South Africa is widely underrated as an investment destination – except by foreign investors themselves.
Michael Lalor, the Ernst & Young (E&Y) Africa business centre leader, said in a presentation in Johannesburg yesterday that the country was consistently ranked the most attractive destination in Africa.
He said it headed E&Y’s 2013 Africa attractiveness survey of 503 business leaders in 38 countries, followed by Nigeria and Morocco.
The country compares well with other emerging markets on E&Y’s country risk analysis.
In terms of doing business, it ranks ahead of Brazil, Russia, India and China (its fellow members in the Brics grouping) as well as Spain, Italy and the United Arab Emirates.
Lalor said the “cold facts” contradicted the perception that the country was losing ground in Africa.
Foreign direct investment (FDI) in South Africa grew about 25 percent between 2007 and 2011. FDI to Nigeria grew only 1 percent, and Angola experienced a contraction.
While some countries experienced spectacular growth in FDI, it was off a much smaller base. Big winners were Ghana, Kenya, Mozambique, Tanzania and Zambia.
Most of the flows elsewhere in Africa had been into the capital-intensive oil and gas sector. “In contrast, and reflecting the more diverse character of the South African economy, FDI is spread across a far greater range of sectors.”
Between 2003 and 2011, 24 percent of FDI went to coal, oil and natural gas; 20 percent to metals, 9 percent each to the automotive, communications and renewable energy sectors; and 30 percent to other sectors.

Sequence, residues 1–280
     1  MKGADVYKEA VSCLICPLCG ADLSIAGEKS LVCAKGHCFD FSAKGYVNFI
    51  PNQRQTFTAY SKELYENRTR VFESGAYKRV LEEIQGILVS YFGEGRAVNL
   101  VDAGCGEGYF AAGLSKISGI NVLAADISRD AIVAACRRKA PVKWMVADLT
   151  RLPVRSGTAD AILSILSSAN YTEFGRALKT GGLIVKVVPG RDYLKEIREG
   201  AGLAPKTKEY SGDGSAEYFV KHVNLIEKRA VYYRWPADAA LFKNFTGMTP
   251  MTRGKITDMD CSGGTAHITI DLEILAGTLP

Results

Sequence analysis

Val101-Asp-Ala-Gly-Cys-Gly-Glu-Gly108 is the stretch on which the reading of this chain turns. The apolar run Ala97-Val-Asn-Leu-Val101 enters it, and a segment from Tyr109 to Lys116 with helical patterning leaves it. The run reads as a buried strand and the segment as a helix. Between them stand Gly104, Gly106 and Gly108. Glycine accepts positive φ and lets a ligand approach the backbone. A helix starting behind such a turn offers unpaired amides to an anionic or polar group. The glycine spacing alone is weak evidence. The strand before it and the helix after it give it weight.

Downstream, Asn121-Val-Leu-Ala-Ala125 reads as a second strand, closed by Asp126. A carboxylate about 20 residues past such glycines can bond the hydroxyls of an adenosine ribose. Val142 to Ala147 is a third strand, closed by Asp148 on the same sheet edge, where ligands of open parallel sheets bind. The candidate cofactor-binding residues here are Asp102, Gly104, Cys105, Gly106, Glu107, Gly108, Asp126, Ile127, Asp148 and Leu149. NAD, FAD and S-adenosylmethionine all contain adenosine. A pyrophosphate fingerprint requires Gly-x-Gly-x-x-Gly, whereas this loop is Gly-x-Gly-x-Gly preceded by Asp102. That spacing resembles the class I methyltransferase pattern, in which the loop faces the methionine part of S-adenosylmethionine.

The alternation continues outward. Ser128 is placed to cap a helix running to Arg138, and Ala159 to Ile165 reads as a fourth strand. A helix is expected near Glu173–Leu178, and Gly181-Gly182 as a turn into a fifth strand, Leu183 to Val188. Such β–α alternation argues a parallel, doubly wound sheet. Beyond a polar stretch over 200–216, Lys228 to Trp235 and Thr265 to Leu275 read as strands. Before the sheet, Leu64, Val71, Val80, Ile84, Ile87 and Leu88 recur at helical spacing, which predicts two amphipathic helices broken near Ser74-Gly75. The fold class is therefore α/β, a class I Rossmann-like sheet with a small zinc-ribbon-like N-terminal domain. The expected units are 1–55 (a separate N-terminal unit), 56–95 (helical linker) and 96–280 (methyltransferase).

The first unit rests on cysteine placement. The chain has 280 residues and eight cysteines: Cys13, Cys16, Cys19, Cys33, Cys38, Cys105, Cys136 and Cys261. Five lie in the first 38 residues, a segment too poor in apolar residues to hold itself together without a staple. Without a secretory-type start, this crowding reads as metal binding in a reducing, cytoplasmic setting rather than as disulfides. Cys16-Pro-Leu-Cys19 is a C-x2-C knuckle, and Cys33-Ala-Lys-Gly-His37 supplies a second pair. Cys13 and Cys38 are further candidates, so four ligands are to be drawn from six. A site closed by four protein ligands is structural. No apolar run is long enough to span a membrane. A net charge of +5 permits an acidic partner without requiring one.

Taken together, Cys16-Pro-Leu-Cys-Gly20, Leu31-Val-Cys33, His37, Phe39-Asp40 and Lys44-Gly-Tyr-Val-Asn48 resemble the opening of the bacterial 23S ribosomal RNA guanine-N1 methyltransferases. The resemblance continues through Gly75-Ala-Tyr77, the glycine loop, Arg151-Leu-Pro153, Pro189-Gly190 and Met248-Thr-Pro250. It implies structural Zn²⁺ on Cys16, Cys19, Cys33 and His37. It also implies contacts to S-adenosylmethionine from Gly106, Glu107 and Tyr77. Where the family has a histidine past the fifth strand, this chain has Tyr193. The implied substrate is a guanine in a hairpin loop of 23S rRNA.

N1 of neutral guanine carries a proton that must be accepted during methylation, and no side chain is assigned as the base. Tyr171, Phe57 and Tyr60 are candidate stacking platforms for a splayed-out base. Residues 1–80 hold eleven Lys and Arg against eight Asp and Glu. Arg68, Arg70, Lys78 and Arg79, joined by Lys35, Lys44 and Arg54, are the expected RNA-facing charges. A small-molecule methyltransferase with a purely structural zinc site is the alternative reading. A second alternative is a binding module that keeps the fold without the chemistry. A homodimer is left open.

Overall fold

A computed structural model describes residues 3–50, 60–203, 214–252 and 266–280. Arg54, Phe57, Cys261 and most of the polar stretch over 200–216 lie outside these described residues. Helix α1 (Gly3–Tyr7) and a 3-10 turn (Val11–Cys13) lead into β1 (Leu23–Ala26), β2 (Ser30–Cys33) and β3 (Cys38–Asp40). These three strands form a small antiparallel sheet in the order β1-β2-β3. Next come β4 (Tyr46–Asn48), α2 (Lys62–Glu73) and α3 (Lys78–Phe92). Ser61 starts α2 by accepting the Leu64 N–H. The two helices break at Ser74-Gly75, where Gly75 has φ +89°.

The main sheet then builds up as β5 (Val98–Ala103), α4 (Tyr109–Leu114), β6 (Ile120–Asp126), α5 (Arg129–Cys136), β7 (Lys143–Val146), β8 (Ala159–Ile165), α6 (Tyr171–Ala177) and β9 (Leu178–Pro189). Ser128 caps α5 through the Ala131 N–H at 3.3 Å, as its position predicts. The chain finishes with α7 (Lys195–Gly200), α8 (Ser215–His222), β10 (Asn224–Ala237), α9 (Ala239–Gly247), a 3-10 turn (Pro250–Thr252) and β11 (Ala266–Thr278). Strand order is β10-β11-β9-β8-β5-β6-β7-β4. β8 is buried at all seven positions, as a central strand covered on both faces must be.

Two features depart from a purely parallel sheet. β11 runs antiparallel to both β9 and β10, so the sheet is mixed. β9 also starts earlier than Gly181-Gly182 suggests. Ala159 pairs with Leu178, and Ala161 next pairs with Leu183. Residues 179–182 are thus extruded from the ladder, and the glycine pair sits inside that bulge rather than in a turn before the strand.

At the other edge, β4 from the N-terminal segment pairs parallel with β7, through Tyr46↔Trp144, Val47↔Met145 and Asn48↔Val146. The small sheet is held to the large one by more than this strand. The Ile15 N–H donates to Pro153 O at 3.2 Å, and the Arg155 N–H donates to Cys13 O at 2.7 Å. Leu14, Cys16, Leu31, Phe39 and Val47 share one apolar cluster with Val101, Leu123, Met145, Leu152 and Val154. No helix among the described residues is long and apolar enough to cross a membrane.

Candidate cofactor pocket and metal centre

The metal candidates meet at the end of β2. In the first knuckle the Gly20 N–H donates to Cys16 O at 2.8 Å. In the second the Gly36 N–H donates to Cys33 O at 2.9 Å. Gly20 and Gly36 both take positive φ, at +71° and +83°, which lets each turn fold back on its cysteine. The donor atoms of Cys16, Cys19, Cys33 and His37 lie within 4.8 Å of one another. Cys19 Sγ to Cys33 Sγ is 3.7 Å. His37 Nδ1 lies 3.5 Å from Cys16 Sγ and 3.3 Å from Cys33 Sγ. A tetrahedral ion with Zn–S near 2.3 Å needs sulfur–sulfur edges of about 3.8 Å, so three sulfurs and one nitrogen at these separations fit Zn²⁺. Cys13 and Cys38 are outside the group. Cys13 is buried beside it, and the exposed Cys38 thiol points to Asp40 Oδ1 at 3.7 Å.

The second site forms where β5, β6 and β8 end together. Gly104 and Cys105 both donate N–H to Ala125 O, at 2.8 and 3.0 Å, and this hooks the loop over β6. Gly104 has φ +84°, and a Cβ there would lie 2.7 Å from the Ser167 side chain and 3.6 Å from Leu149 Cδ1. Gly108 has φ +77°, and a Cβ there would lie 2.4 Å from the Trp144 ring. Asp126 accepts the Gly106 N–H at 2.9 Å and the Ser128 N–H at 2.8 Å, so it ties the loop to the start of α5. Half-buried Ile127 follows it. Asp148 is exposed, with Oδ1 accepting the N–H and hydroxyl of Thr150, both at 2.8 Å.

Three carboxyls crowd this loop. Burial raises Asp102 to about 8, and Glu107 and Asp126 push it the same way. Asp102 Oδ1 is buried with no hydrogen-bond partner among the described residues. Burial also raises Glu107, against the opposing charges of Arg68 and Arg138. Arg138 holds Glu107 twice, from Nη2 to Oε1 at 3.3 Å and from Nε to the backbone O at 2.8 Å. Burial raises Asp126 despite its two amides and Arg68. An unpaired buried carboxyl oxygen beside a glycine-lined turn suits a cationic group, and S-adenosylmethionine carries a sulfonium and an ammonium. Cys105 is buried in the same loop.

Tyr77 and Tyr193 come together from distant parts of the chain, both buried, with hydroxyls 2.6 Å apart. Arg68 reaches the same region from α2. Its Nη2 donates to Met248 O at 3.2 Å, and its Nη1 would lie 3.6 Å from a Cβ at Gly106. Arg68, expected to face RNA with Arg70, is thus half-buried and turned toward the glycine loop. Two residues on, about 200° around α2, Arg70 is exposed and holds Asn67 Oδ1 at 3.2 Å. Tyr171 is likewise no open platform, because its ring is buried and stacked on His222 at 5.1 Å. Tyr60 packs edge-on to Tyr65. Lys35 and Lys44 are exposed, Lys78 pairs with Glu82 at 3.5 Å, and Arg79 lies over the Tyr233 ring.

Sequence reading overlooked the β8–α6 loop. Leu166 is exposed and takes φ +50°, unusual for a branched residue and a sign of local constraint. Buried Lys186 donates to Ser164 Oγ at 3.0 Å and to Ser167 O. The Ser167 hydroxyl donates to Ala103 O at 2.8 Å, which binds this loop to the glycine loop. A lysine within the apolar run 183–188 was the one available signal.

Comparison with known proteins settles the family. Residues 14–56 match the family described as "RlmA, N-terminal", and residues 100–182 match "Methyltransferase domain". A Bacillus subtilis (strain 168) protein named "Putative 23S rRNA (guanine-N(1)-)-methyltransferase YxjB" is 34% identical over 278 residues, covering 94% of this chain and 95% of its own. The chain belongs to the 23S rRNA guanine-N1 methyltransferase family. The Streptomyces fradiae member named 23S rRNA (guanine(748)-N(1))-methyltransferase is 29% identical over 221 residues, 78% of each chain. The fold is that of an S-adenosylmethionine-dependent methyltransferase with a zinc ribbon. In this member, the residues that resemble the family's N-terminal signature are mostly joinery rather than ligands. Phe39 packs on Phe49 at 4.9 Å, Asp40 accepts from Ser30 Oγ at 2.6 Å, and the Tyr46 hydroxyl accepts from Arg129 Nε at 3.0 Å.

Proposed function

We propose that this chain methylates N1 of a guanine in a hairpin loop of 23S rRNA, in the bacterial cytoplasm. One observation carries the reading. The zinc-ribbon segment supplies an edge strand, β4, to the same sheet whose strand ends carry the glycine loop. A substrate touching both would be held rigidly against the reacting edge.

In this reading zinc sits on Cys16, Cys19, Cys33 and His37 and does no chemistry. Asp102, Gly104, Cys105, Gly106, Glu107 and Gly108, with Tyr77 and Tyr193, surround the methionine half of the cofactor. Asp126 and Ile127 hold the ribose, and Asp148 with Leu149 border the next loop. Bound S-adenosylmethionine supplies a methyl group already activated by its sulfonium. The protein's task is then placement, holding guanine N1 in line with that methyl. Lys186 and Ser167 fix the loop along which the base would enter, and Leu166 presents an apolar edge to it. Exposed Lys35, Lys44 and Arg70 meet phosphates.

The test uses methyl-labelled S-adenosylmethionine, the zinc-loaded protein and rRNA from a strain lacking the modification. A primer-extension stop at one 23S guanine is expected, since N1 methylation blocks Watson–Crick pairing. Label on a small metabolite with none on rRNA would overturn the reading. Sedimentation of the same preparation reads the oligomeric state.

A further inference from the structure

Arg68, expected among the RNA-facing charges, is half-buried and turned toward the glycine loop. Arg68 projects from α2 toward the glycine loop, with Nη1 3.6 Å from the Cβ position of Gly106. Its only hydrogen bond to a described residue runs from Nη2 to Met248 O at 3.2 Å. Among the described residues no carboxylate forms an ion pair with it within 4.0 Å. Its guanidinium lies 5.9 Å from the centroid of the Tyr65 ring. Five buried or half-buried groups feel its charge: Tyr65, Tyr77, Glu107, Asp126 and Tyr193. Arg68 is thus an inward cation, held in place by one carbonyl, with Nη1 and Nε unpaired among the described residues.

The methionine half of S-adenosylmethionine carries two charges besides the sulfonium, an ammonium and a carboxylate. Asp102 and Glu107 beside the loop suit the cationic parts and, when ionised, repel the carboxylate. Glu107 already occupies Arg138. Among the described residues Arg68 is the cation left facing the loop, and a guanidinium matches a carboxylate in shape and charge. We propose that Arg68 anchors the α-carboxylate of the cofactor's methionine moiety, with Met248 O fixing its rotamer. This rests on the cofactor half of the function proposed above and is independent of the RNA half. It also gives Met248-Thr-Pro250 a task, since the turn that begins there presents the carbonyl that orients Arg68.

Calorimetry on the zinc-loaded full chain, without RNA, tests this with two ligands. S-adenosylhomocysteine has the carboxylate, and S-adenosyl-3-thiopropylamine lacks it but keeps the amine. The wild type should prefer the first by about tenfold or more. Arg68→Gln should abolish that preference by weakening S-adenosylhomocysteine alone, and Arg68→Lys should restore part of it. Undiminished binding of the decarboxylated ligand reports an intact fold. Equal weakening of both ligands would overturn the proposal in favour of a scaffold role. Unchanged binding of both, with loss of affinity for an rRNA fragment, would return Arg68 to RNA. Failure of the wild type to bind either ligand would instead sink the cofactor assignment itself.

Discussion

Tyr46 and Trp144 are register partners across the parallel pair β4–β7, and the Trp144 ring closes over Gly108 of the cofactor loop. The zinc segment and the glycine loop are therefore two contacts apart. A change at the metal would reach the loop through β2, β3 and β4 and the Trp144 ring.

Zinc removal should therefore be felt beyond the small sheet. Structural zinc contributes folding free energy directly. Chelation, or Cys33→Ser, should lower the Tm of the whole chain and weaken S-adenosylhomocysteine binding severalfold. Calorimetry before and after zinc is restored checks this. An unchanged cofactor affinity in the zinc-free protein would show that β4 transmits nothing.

Lalor noted that investment into the less capital intensive manufacturing and service sectors generally had a higher “job-creating potential”.
He conceded: “Factors such as ongoing labour unrest, rating downgrades and perceived political uncertainty will have an impact [on investors], along with deteriorating conditions in the global economy.”
He said FDI probably dipped last year and could fall further this year. “But, with growth in the global economy expected to pick up in the second half of the year, we expect growth in FDI to resume.”
However, he said: “Shorter-term economic challenges – notably the current account deficit and debt levels – will need to be addressed in the Budget.”
He warned that the execution of the National Development Plan and positioning South Africa in the “context of the broader Africa growth story” would be critical to the success of the economy.
He urged the government to smooth the path of companies doing business in Africa through South Africa by providing for tax relief for headquarter companies in this month’s Budget.